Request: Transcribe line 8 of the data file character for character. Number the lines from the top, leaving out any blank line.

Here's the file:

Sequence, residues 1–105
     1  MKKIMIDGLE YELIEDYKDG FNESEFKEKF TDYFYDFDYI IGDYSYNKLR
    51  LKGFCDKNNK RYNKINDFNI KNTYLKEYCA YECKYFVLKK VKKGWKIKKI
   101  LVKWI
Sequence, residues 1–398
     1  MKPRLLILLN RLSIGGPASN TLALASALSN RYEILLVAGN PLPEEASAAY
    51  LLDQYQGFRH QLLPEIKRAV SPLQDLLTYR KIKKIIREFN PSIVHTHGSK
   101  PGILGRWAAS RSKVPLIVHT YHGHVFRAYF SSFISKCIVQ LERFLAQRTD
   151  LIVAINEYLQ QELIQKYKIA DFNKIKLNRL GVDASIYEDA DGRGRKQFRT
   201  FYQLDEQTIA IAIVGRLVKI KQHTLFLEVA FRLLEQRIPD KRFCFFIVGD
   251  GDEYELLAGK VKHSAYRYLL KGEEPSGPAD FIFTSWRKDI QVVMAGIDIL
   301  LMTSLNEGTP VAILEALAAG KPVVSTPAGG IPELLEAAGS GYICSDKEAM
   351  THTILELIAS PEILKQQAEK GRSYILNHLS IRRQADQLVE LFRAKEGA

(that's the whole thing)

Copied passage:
   101  PGILGRWAAS RSKVPLIVHT YHGHVFRAYF SSFISKCIVQ LERFLAQRTD